The Courier News from Blytheville, Arkansas on November 15, 1944 · Page 3
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The Courier News from Blytheville, Arkansas · Page 3

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Blytheville, Arkansas
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Wednesday, November 15, 1944
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Page 3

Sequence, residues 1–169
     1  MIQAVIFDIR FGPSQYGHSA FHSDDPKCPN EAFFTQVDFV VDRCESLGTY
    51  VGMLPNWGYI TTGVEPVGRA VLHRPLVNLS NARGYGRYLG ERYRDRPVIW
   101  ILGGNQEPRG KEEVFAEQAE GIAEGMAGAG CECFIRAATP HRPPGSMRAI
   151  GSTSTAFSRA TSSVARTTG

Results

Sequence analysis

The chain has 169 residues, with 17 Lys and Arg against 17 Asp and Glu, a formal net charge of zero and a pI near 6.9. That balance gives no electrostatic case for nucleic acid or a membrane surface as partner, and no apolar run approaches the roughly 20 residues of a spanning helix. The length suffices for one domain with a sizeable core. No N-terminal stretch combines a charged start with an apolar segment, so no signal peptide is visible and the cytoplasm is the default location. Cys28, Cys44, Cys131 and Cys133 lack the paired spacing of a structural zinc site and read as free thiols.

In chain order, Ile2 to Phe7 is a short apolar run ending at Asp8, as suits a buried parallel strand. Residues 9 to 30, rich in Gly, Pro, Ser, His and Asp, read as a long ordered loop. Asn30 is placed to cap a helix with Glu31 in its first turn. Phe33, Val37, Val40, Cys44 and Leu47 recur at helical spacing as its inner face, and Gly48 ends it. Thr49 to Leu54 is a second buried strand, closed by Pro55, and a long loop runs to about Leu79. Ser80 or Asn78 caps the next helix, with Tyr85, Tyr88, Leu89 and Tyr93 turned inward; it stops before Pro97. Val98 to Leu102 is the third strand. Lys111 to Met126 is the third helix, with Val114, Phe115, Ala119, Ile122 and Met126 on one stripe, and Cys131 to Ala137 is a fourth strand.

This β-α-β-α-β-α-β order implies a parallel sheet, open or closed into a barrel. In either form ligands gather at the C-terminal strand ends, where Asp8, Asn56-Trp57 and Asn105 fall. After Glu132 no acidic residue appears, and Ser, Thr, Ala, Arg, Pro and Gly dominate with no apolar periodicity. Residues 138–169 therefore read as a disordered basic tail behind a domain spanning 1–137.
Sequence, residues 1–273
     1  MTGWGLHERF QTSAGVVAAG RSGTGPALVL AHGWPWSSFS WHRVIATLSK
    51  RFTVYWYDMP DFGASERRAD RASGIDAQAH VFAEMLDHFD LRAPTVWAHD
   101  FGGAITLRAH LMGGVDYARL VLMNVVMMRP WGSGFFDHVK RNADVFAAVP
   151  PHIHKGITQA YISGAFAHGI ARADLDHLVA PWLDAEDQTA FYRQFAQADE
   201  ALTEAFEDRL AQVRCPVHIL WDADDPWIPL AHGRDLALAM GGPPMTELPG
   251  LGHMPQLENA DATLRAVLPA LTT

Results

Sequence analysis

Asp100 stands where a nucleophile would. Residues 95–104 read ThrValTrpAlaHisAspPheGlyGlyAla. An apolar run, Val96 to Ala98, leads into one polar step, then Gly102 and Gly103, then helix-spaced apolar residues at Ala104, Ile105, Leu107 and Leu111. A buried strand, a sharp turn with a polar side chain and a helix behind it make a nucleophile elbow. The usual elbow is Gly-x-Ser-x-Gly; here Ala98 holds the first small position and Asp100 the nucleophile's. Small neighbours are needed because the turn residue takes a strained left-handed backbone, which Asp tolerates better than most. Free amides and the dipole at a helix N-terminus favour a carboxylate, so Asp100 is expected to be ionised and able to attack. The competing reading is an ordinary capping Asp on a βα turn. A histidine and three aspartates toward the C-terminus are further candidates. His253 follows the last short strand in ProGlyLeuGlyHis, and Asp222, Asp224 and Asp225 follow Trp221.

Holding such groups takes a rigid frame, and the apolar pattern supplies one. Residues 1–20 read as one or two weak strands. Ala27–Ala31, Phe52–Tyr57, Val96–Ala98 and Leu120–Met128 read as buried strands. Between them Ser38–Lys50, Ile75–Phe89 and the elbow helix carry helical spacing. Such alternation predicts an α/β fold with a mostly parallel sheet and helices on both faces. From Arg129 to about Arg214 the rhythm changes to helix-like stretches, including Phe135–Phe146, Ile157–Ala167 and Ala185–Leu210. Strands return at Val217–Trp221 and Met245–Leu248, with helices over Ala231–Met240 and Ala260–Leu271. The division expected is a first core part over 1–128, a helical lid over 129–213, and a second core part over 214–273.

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WEDNESDAY, NOVKMIJEK 15, IO-H Photographer Killed On Leyte Enemy Sniper Slays Frank Prist Jr. In Philippines Battle ALLIED HEADQUARTERS, Philippines, Nov. 15 (UP)— Frank Prlsl, Jr., war correspondent for Acme News Pictures, was revealed today to have been killed by n Japanese sniper in the front lines in western Lej'te. Prist, who was among the firr,' newsmen to arrive in the southwest Pacific area from the United States after 1'earl Harbor, was driving a Jeep when n Jap shot him Sunday. lie was 30 years old. Enrl Crotchett, of Little Ark. Rock Orvlng Smith, both cf Flying fortress Crew Chases Worst Storms For 'Fine' Static dl.YTUEVll.UC (AUK.) COUKIKH NKVS Universal News Reel, and Clifford Bottomloy, of [he Australian Department of Information, braved rifle, 'machine tun nntl mortar fire to gel to Prist. But, lie was dead when they readied him. The three had been standing just a few feet away from I'r'ist and had planned to return with him to MncArtliur's headquarters. Prist wns killed after photographing the. advance of the 24th Division along the Finiiinopoan-Ormoc road. He was only 300 yards behind the American forward elements. • William C. Wilson, United Press correspondent, ami Major James Hungatl, of Spokane, Wash., a. public relations officer, also were nearby and hurried to Prist. :'He. was burled at the new American cemetery at Allied headquarters. The entire correspondents corps, Brigadier General Carlos Romulo, president, commissioner of the Philippines, and many high ranking American officers attended the brier but impressive services. Prist had covered almost every campaign in the Pacific theater and had photographed General MacArthur more often than any other cameraman. By SAM SMITH United Press Staff Correspondent KANSAS CITY, Mo., Nov. 15 (UP) —Capt. Robert N. Uuck, TWA pilot with a strange wartime assignment of flying while the birds wnlk, predicted today that commercial airlines will fly 305 days a year ttllliln a few years after the end of. the war. , "The bogey man of wentlicr is losing his grip," the 30-year-old veteran of 16 years of'Hying said. "The more you fly v/cathciy (he less terror It holds. Soon no flights will be cancelled because of It." For 11 months Buck lias piloted n Flying Fortress, equipped with special gadgets to chronicle the weather and static details within storms. He was contracted to TWA by the Army. He works out of Wright Field, Dayton, o. Ala.sk;i (o Labrador Buck and his crew are men nl- 'ays on the go. in those 11 months tiey have flown in Alaska, over 11 the 48 states mid to Labrador nd Newfoundland. They -have tuck the nose of their plane'into hunderstorms and hurricanes 1 and hrough snow. . The armed forces needed'details f the instance of static-in storms eeause - it blotted out radio dircc- 1011 and co mm mi lent ion equipment. Buck went up to get the data.: He said he believed static would Soldier Sends German 'Chute For Souvenir There's quite a thrill to opening a present sent by her hnsbam from France to firid—of nil things —a German parachute! That was the expertence of Mrs. Hermar Bombolaski who is sharing the unusual souvenir with friends here and in Memphis, where she received the package recently. ; Camoflauged by splashes o iieen on the olive drab chute, it i: enclosed In a regulation knapsack type covering, alolig with all fit tines. The parachute and covering wei'i made of excellent materials, stain less steel of the hest quality usec for the releases which also inclucl hooks to which the chute was sirs Fended from a loci in the plane white silken braided rope and i hemp line used for the cover. Packed in the covering, it made a bundle about 18 inches in diameter and 10 iiiches in height. There was 'printing on the covering, in German, but also 'was found the words "Schroeder & Co Feb. 2, 1943" in English which may mean the chute was made in the United States, H is believed. In a letter, Corporal Bombolaski wrote he wished he might tell where he got the chute, indicating to Ivfrs. Bombolaski the possibility it was taken from a captured German. . .Corporal Bombolaski, in the Signal Corps, went overseas last February and has been in France since July. Mrs. Bombolaski. now making her home In Memphis, is visiting Mr and Mrs. Mike Bombolaski. He Should've Stayed Home Mo." When other planes hug the erounri, Buck nnd Ills crew climb aboard ihclr bin .ship rfnd ehase the slonu center. They have baffled nil-port wcathenm'n from Nome to Mlntnt by rubbing their hnnds gleefully when they yet bad wenlhor reports. Can (lo Up Any Tliin- TVicy haunt airport meteorologists for reports, making liour by hour checks.when a storm Is bulldr ing up. They cany credentials per- inlttlnit them to'take off at any and nil times, just In case some oft ficlal [eels like luckinc 'them up :m ( | culling the nut liousK ; Buck uepjnti flying when lie wiis 15. In 1D36, he raised the non-stop world's record flfght distance for lightweight, planes when he flew from Hwbank, Cal., ty Columbus. O., skidding in on Die belly because he'd dropped (lie inndini; scnr at Bin-bank. When he wns 15. ho broke Hie Junior Innscontlm-ntal; speed record. I . Members of ills crew arc O. O. Johnson, -co-pilot, member ot Die fninous "flying Johnson family"; I Barney ,J. Dowel, crew chief; Hill Folcy. assistant crew clilef; Cniy Arnold, wlio was the navlsalsr «V M.tijor Langan IS'PromotedTo Lieut. Colonel Clcno 1). Lnngnn, deputy for mining mi ( | operations at llih tation, has bc-en promoted to lieu- imni colonel. Colonel Lnnsiiin, 11 20-year-old ervlcc pilot qualified to fly 30 Ifferenl types of military aircraft, er.orlcd here July H. 191'2, ami vns director of flying until assum- ng his new assignment as deputy Local Bankers To Attend Affair '.fipnoting Burgess ill he went into the ATC; Philip i W. Couch, radio enaincer, and Jcr- ' ry Jarrard, assistant TWA chief radio engineer. Rnlph c. Ay ITS, the iOt bolhcr the postwar airlines as airline's chief radio engineer,'flow hey operate those 365 days a year. I with them last winter but. now Despite liis years of flying, the' works mostly'In the laboratory Vcstfietd, N. J., filer said he called : ilmself a "doggonccl fool" when he (—• • \- ook over the assignment-last-No- V_.IVllldn 'ember. Now he talks of the "fine tallc" lie found in a storm; un- •onsciously applying an adjective hat most pilots would never use' n such a conncclion. Midwest Storms Worst "The granddnddy of all storms. o far as turbulence Is concerned, s the Midwestern thunderstorm." ie said. "That last big hurricane vhlch struck the East Coast was simple , compared to a tlnmder- torni out here. Florida thunderstorms look tough but they are nere 'sissies' for turbulence." He Hew twice through the hurricane. He has cut through thunderstorms from a few hundred feet altitude to 36.000 feet. .The pursuit of wandering storms lias taken Urn 11,000 miles. "The best static we have found was within miles of Kansas he said, "in a thunderstorm between Chicago and Kirksville, Won't Appeal To All Servicemen WASHINGTON, Nov. 15 (UP) — The national Icsislalive officer of the Veterans of Foreign Wars says that many servieemcn will wish to stay in uniform when peace comes The V. p. w. olliccr, Omni- 13. Ketchum, says: "While the grcnt majority of en- listod men in the services arc anxious to get home as soon as possible, a surprisingly large number have no desire to return to civilian life." Citing n heavy correspondence ti RBI servicemen asking VFW inter- cealon to prevent their discharge j Karl Young, led, above, German soldier who wns captured by.llio Yanks, tells Pvt. M. Mulllns, ol Uccalui 1 , Aln., thiil lie once lived in Wayne. Pa., and even today has iwo sons in the U. S. Army; 'Young, who claims he was,in American Army in 192D, says lie ' served In' Mulling' own division. Temperatures few months ago. He. -left (lib University of Atlanta 72 • (JG 76 n I:hmingham Charleston Charlotte G!l Chattanooga 118 Chicago G6 Cincinnati 58 Denver W Detroit — Jacksonville 18 Kansas City CO Mneon ; 78 Memphis 74 Miami ,.. 78 Montgomery 75 New Orleiuis 81 New York 02 t-an Antonio' 81 50 . Dallas I'.''ustou Jackson 715 17 81 00 70 82 80 . - 'Jlle, Ky., ns a pre-mcclleal student 0 Iwromp mi nVtnlloti cndi't In No- ombtr, 1930. He was commissioned 1 'second lieutenant 1 r,nd rated a itlot.Ailg, 30, 1D40, at Kelly Held, Xi, where he completed 'his advanced (mining. lie had his prl- miM-y training rit Lincoln, Neb., and his bnslc schooling at Itnuilolph Field, Tcs. After winning .his wliujs, Colo'nc I nngan vvns a flying Instructor am tralnnlK squadron eommnudcr i Maxwell Field, Aln,, from Nov ''0 1IMO to Aug. 20, 1941, when 1m wa trnusferre,! to Turner Field, OIL. and made comtiiandlng officer of the training (,'roiip pilot .school He icmalued (here' until ••ordered (o Hlyllicvllli:. Son • of djrs.' il, . n, i.auKan , of Louisville. Ky., lie Is murrlul (o the former Miss Martha .Duiieiin of Montgomery, Ala. colonel und'Mrs. LniiBnn have n 10- month- old daughter, • Susan Patricia Liuijjnu. They reside here. . got Its name from uae tMs of the t\\o banks In filytlievJIlo,'. I'nrniciv Bank and 1'rnst Company and First Nallonn) tank, wilt' nttencl ;tlie luncheon of lie Mcmphli chamber of Com- nerce tomprrow In Memphis at Hotel Penbotjy honoring Warren linn- lolph Hurgesa, president of American milters As$ocliitlon, Kum H. willlnins of the National nk unit ll.'A I.jnch of tho rollers lifink \illl .be among bankers, planters, bu.slue.u leaders and professional men Joining' Memphlnns In meeting and hearing one of Die nation.!. ouislamlini: authorities on finance. ' tenderfoot tests, making - ail m tl c trocp ) tehdtrfpot, s dlrls passliig the feMa recently in, elude Jane Wilson, Betsy Bell Roxanne Johnson, Ann Oatens, Betty Ann McMahan, Donna 8il«t, acre, Sophie Ann Bright, Kay Cojli Ion and 'Sally TrleSehman, from Patrol 1, and Hosemary Monaghan, n«lh Hollo, Nlla Rose Hall. Joetta. Schubait, Ann Witfgrd, Marcla I Drake, Carol Ann Bailey, Mary I Faye Wicn, Gcrnldine Coffman and Ell<!iibetli Ann Roai-kc from Patrol Girl Scotit, News Members of Mrs. CHcnn Ladd's trooii of Cllrl Scouts will have ft ."lumber pmly' Friday night at the Mllle llousi'. Y : Momberii'Of (lie ce'hiral Ward Troop have elected Uclsy Hell as troop scribe. • . • The troop'was .dlvldW. Into two patrols, with • Jniip Wilson elected us lender of I'ntrol 1, and Ann Wilford as leader.ut'l'iUrbl 2.. Several Rlrls ' have pass«,i- their Shrevcpoit 77 Awarded Conduct Medal HEADQUARTERS. Southwest Pacific. of its' original varieties, white, .eysj-shapcd npucles. a small, QlflM IRRITATIONS OF Off\iri EXTERNAL CAUSE Ki'Miiid, nciia|(liii(>tra,Hh'uplci'ringworm, colter, Knit rliiMnn, Iminp'tt (hhitiknoiul*) iind ucly'liriikon.mil nkin. 'Mtlllnim it- lii'Vu 'Iti'lilnii, liiiliilnii^iiiul BOrohra.l of inoul, liljuik jimi Wliilo OiiilTnoiii.'KiH'a to <rork nl(jncu..Alild licnllnij, woiks'tliu •IMu, Mflaiws. •1'iireliiiso prlco rofiiiutcii it yoii ro nut midDlicd, Uno.yiiily :a di- Vilal in ctonnsiiiij I.I uooil Boaii. lack aiul \Vlillo Shin Koii|i Onlly, Eight pound? of dehydraWa rrlsh 7 .| lotiUijes flic co.ulvaleiit to a bushel I of raw jiolatoes welching 60 pounds,'I Tcrniinix Terminates TERMITES » BRUCE TERMINIX CO. MEMF1IIB SINCE 192T civilian employment would. ,. , . ' ---- ••- ..... •" ...... b'-l vl'.J.au LIUIJluyllLL'llL Wl K'.'lcnum said these men were most- were technicians and l •hi- - ly •high-ranking (-i..cers whose g non-commissioned hoping to advance faster and far- pay and allowances 'thcr In the services than In civilian them comparably more lh.v.i life. 13T1I AAK. (delayed) — 52] i'livale First Class Miller '.Nl. •Ill j I'ortester of Cooler. Mo., has been CO ! awarded the Army's Good Conduct 65 i Medal. 58 '"e is serving in the Southwest C! Pacific With a Signal Air Warning 08 unit of nrlgndlcr General Enrl \V. 47. Bin-lies' 13th AAP Fighter Ooiii- CQ innnd. Pfc. Forrester attetiilcd n radio mechiinic school In Kan.ins Cil.V, Missouri, and n radio operators school at Drew Field, Florida, before shipping overseas. A brother, Knlph. is n seaman first class in the Navy. Trainee Given Purple Heart For Frostbite John A. Ritchie, air crew trainee at the BAAP, got his Purple Heart the "Believe It Or Not" way. While on a bombing mission over Germany last winter, Ritchie, tail gunner on a B-24, suffered frost bite when the electric heating unit in his flying suit burned out. The result—n month in a hospital and a Purple Heart to add to the DFC, the Air Medal with three Oak Leaf Clusters, and a Presidential Unit Citation, he wears. Ritchie is n native at Pittsburgh, Pa., and returned to this country as a trainee after completing 25 missions from bases In England. Libya and Tunisia. Millions Switch To Mutton Suet Idea For Chest Cold Aid Helps Break Up Colds' Local Conges \ tion—Checks Coughing Many mothers all over America are switching to this idea of getting fast relief for these chest cold miseries. They are simply following Grandma. For years she counted on mutton suet to help carry her home medication to do its pain-casing work on norve ends in the skin. No wonder so many more now welcome Grandma's idea as improved by science—Penelro, with its multi- nicdicatcii formula in a base containing mutton suet—that acts both as counter-irritant and pain-reliever when you spread it on. and as a soothing aromatic when breathed in. Anil so today Penelro hurries along newer help in the old reliable way—help that eases painful misery, lessens coughing, loosens phlegm, soothes chest rawness—so that you can rest more comfortably and give nature a chance to restore vitality. That's why millions are .switching to Penctro today—why druggists are recommending !t. 25c, double supply 35o. For all your family's chest cold miseries, be sure you ftct white, cnsy-to-use Pcnetro. We've Something Special For Every Child On Your List! Christmas is for the children .... and we're ready to help make this a truly wonderful holiday for every youngster! Games, toys, dolls, fun galore for the young 7 uns.. .all at prices to keep your budget happy, too! Upholstered Rockers 7,50 |' Dolls! Dolls! Dolls! 90c to 12.50 Archery Sets 1.95 up | Stuffed Animals 1.25 up Bowling Sets 1.95 up * Games! Games! Games! lOc up Toy Pistol Sets . 1J5 up Glass Baking Sets 1.25 Carbine Repeater Rifles 3.95 Commando Periscopes . 59c AND MANY QTHERS-BUT SHOP EARLY! PLANTERS INCORPORATED Beware Coughs from common colds •[ That Hang Oil Crcoinuislon rellc\cs promptly because It goes right to the seat of the trouble to help loosen and'expel 1 germ Inden phlegm, and aid n&turt to soothe 1 null heal raw, tender, In-, flftmcd 'bronchial iniutous'meni(J tirnncs. Tell your druggist to Mil you", ix bott)e of Creomulslon with the Uri-' clei'stnmllng you must like the n?aV It' 1 quickly nllnys tlie cough of you are to liavo your money,bnck; l '•'•• i • 'i<i GREOMULSION for Coughs, Chest Colds, Bronchitis: with DIAMONDS ONE KM TO />/ Buy Gifts Now While Stocks Are Complete USE YOUR CREDIT IT TAKES ONLY THREE MINUTES TO OPEN A CHARGE ACCOUNT! FOR YOUR CONVENIENCE Because.Many Of Our Customers Are Unable To Get To Town During Daytime Hours, Our Blytheville Store Will Be Open Evenings Until Christmas FITZPATRICK JEWELRY STORES Blyrheyille : - ' Osceota